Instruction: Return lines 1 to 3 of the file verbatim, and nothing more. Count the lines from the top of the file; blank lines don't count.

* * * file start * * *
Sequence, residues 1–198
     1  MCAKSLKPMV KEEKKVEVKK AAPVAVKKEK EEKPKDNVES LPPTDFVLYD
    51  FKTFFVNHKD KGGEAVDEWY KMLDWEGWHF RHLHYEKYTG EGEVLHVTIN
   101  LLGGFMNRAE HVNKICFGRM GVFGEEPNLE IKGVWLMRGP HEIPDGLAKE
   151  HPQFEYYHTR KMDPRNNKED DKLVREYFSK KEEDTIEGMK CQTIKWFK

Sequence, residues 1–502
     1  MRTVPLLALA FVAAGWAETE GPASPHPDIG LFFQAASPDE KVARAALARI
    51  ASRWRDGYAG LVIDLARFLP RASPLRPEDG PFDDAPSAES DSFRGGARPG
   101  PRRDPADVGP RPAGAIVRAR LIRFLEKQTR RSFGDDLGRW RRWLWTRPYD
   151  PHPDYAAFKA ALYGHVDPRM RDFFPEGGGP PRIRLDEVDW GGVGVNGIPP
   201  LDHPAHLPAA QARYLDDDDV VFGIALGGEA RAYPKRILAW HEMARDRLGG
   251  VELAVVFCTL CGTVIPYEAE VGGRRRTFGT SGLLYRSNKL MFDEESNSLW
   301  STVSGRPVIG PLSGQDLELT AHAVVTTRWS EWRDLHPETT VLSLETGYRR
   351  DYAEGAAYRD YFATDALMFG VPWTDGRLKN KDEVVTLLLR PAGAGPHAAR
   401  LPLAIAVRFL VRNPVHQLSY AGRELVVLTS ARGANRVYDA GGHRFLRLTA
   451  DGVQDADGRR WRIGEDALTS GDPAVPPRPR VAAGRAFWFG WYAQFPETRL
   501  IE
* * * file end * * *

Sequence, residues 1–198
     1  MCAKSLKPMV KEEKKVEVKK AAPVAVKKEK EEKPKDNVES LPPTDFVLYD
    51  FKTFFVNHKD KGGEAVDEWY KMLDWEGWHF RHLHYEKYTG EGEVLHVTIN